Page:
Some of you may remember my first post about a Brilliant Pink Iceberg that has always been a bummer in my garden. It did, indeed, get shovel pruned a couple of weeks ago. I do have another rose bush of that variety, though, that does reasonably well for me...go figure. This one survivor, however, has produced a sport. In case you're not familiar with the term, a sport is a genetic mutation. It usually causes one branch to produce flowers that are not true to the variety. Brilliant Pink Iceberg, for example, was a sport of Pink Iceberg, which was a sport of Iceberg (a white rose). Apparently, Iceberg (of whatever variety) is prone to genetic mutation. I've seen reports of Pink Iceberg frequently sporting back to a branch of white blooms, like it's parent Iceberg. I have not, however, been able to find anything on the net about BPI sporting half white and half pink petals and blooms like this:
Isn't that just crazy? I have two branches on this bush producing these harlequin style blooms. Even stranger, some of these blooms have petals with the 1/2 and 1/2 coloring - sometimes bright pink and white, sometimes bright pink and pale pink. Check it out:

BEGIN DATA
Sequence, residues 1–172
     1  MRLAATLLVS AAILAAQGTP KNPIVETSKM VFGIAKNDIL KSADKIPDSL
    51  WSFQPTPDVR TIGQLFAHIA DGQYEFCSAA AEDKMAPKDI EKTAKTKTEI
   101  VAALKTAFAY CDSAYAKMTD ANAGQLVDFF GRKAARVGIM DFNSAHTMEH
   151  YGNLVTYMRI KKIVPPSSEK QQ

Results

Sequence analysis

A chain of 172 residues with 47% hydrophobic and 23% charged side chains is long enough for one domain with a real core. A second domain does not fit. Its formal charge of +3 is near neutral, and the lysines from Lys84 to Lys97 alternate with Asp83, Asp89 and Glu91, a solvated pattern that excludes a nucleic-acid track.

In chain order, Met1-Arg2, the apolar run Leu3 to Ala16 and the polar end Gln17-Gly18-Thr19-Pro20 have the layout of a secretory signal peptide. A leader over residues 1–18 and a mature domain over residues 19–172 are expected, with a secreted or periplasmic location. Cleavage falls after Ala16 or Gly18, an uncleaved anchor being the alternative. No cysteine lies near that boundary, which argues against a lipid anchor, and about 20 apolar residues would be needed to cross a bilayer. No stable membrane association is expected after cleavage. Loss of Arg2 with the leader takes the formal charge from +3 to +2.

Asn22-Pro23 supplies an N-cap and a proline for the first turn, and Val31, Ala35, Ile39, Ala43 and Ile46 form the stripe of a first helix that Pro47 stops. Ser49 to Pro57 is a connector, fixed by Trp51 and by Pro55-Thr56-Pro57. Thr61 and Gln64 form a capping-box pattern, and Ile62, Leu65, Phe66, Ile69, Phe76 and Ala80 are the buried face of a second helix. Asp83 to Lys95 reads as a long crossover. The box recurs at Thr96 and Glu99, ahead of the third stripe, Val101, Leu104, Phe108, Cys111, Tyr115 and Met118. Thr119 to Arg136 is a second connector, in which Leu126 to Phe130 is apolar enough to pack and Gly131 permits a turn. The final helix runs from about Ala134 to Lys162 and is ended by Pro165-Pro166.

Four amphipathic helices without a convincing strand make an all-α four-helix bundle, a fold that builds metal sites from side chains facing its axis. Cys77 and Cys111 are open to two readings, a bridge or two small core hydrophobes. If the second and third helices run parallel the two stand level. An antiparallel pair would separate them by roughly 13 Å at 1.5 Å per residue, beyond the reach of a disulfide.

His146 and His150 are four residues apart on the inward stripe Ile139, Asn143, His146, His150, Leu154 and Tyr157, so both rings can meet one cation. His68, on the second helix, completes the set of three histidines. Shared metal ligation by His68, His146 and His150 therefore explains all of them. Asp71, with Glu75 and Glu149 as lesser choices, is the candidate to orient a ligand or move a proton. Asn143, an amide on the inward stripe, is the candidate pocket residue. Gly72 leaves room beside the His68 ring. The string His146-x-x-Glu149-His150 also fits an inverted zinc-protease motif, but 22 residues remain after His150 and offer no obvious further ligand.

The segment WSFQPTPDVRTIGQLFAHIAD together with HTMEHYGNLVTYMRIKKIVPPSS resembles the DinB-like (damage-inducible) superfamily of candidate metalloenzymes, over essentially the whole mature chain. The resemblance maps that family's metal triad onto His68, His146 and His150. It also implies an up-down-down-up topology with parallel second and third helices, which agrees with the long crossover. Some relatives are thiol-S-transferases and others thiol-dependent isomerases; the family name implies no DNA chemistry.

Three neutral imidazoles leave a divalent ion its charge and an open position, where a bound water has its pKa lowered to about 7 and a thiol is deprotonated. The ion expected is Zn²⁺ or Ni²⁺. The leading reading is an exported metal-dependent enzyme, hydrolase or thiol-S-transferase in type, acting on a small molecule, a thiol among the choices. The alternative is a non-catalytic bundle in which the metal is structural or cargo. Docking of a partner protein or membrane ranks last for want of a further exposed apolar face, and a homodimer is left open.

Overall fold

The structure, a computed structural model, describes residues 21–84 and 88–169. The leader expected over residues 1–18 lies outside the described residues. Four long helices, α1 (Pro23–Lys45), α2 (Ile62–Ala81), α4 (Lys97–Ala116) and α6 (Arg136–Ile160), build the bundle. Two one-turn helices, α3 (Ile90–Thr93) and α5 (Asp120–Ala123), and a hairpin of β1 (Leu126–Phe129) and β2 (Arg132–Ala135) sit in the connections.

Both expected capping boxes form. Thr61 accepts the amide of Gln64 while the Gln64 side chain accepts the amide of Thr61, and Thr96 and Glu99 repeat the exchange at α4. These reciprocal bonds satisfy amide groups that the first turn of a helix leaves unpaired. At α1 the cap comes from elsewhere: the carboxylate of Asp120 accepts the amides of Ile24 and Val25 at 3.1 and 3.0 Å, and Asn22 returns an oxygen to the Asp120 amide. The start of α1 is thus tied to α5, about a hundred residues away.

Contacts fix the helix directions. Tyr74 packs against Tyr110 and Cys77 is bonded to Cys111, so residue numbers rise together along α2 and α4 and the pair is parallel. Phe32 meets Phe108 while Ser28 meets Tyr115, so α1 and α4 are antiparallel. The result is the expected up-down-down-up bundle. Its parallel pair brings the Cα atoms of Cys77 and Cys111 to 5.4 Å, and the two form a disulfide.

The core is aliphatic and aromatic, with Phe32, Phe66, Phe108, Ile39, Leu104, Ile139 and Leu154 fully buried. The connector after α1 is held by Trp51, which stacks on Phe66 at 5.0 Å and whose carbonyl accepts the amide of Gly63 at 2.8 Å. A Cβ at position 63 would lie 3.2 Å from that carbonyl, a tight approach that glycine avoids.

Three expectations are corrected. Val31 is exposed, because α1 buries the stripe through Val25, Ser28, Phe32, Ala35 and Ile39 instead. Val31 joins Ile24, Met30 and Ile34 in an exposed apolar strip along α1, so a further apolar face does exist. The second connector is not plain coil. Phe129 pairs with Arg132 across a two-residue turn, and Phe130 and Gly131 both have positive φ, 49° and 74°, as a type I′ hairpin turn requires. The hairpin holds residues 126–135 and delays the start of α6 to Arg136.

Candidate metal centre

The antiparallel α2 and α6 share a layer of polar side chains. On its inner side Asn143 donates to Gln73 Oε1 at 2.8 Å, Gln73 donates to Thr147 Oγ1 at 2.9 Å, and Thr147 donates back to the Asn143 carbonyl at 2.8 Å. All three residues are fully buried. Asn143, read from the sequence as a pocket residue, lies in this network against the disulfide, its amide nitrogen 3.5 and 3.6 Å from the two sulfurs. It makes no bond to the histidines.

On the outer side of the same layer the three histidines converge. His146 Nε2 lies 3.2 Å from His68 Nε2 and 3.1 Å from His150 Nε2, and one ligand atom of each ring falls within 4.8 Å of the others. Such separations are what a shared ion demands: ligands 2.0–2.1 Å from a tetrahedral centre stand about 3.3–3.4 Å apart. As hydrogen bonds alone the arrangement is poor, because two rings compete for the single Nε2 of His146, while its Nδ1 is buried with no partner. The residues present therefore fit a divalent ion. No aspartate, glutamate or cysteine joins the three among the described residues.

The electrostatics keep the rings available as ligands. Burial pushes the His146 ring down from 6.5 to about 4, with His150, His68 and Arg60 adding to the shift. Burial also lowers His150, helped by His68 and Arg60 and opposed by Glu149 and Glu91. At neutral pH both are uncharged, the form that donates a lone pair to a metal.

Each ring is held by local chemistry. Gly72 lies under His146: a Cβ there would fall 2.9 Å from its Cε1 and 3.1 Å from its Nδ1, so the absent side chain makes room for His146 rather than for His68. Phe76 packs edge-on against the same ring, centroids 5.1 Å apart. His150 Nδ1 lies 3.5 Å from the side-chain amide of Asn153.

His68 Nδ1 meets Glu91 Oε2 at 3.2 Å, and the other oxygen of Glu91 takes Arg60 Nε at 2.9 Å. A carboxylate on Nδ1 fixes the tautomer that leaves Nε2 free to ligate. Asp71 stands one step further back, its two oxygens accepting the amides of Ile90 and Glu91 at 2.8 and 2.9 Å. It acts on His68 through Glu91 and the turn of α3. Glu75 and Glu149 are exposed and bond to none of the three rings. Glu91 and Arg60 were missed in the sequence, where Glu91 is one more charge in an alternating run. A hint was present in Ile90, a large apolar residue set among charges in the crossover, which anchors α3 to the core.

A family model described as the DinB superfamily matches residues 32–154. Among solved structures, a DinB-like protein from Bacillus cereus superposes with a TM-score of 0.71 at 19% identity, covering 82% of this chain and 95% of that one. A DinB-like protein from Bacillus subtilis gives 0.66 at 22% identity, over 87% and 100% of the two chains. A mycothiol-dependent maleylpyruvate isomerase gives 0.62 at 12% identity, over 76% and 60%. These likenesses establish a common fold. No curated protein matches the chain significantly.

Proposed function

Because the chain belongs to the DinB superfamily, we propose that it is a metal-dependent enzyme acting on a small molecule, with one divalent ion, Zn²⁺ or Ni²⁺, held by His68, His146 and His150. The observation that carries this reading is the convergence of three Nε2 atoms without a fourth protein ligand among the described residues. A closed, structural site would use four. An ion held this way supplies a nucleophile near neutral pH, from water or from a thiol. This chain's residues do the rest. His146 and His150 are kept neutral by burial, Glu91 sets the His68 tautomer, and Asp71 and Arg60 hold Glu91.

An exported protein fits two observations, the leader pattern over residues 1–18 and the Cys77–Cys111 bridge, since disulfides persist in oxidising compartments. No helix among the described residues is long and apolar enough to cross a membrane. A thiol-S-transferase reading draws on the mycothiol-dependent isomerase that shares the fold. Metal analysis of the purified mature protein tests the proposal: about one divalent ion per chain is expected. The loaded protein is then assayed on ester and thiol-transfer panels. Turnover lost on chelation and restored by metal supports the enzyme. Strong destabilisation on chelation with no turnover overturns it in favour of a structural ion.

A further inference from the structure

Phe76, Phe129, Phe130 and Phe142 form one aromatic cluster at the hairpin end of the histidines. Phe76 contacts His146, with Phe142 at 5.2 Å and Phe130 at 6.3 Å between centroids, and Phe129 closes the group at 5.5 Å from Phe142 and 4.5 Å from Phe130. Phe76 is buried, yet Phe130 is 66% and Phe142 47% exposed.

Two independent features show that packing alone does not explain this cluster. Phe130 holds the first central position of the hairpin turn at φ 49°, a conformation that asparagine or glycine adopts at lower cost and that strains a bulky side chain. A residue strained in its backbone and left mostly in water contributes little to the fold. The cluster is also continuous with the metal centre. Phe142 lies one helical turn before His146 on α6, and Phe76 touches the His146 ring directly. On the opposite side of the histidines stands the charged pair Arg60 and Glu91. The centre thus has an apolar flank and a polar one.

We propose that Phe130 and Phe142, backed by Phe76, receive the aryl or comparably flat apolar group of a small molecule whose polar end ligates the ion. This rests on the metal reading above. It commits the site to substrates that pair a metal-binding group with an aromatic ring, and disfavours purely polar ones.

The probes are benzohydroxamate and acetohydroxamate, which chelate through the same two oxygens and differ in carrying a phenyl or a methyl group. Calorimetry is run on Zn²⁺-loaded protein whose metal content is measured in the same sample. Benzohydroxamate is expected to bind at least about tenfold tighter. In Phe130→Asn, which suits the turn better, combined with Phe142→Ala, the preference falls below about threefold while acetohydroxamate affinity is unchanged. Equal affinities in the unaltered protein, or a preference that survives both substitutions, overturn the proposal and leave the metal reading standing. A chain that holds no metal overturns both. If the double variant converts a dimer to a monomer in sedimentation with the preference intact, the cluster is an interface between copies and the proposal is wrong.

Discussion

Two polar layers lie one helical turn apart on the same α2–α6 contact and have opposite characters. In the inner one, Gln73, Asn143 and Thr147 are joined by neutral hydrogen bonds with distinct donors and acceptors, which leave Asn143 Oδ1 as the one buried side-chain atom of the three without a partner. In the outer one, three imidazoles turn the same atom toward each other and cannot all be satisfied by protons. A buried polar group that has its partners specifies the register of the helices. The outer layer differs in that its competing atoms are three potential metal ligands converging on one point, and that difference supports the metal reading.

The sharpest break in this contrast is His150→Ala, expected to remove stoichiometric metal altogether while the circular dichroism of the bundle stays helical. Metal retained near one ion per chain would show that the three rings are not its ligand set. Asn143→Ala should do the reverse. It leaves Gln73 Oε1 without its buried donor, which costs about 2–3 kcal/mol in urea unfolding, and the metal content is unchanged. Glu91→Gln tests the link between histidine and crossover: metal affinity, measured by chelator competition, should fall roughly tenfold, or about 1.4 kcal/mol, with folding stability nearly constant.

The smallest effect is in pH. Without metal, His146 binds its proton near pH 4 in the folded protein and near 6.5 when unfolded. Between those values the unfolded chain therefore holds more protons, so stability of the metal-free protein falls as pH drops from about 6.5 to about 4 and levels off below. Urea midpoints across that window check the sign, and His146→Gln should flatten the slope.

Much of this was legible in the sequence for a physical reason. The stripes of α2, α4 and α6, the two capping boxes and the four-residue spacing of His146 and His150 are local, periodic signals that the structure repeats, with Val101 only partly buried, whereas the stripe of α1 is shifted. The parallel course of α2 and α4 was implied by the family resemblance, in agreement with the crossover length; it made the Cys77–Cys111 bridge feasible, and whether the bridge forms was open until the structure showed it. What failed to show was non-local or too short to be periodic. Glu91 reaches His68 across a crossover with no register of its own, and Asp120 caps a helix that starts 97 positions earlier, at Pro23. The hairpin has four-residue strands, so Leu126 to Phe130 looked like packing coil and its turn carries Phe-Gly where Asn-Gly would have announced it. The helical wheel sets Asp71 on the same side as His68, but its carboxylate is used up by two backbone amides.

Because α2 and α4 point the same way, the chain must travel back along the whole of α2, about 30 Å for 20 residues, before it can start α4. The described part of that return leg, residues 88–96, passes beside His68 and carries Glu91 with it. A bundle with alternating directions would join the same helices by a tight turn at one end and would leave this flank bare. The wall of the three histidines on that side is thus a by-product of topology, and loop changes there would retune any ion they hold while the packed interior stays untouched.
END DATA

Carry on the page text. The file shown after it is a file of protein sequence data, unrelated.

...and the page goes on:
Imagine a rose whose blooms were entirely made up of 1/2 and 1/2 petals or one that always produced the half white, half pink blooms like the one at the top left in the photo above. I'd certainly buy a rose like that, wouldn't you?
I'm taking cuttings this year to see if this unusual coloration is stable and can be replicated. Not all sports are and I don't have my hopes too high. Still...just the possibility is pretty exciting. Who knows? Maybe, one of these days you'll walk into a nursery and find a harlequin rose called "The Jester," a sport discovered by Jean LaRue.